Paying for Training Can I Claim Tax Allowance?
Can I claim tax allowance if I pay for training which is essential to keep my job?
I refer to the training costs involved for individual LGV and PCV drivers who must do the Periodic Driver CPC in order to be able to drive for hire and reward.
As employment figures fall, many people are frantically trying to retrain in order to better equip themselves for jobs. It is generally thought that training for employment carries certain tax relief. In the current climate your question is particularly pertinent.
You mention that you are employed, and that the training in question is necessary in order for you to continue in that employment. Generally, if an employer is paying for your training, then relief is available on the amount that you would be paid had you been at work. However, there are a number of important caveats to this principle, some of which may mean that you are not eligible for relief.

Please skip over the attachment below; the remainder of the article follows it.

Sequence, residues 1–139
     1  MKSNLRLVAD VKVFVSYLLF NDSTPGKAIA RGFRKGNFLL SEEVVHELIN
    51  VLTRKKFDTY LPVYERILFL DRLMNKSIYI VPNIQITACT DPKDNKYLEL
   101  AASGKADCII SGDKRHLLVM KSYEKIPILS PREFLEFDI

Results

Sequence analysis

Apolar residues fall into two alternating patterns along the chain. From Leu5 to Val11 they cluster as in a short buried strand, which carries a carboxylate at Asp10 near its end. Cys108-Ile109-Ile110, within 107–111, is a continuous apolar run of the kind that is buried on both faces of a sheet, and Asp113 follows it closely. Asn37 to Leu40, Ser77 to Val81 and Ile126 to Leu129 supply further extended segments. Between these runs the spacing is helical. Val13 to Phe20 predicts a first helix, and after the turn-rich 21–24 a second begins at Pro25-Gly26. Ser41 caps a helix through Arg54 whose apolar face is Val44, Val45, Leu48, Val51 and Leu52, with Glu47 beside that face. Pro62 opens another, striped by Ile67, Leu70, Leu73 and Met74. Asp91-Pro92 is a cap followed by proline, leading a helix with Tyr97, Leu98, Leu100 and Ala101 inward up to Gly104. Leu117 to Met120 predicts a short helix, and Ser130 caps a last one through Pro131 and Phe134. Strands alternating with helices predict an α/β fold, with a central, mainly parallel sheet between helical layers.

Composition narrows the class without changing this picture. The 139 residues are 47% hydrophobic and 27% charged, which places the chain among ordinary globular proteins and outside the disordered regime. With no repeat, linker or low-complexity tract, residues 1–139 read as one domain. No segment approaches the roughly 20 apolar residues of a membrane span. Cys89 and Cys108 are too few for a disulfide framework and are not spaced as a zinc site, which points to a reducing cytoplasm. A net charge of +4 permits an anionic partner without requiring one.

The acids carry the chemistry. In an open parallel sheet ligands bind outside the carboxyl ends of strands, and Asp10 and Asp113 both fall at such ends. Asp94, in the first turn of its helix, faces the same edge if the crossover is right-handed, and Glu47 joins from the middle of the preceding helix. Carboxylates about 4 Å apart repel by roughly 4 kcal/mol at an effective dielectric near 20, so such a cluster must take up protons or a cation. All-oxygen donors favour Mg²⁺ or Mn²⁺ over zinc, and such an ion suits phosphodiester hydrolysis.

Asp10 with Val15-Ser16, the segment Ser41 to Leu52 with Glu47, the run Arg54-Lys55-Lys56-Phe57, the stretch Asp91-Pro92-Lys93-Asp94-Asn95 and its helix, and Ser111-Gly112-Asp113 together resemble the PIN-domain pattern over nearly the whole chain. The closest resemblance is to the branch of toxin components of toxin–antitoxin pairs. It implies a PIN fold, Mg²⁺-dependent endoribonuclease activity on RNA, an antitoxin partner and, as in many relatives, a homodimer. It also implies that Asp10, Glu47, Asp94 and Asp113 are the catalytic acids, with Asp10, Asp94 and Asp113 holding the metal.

Perrin v. HM Revenue And CustomsIn the first instance, training is only eligible for tax relief if the expenses are incurred “exclusively and necessarily in the performance of duties”. As you will not be able to continue in employment without the training, this would seem to be clear-cut.
This is not the case, however, in Perrin v. HM Revenue and Customs (2006). An accountant claimed relief on payments for course fees that he was required to pay in order to qualify (ironically) as a chartered accountant. HMRC refused to grant relief, and their position was upheld. It was established that expenses only attract relief if they are incurred “in the performance of the duties”, regardless of whether the employer will dismiss the employee if they fail to complete the training. Even in these cases, HMRC are likely to state that the expenses were not incurred “exclusively” in the performance of duties.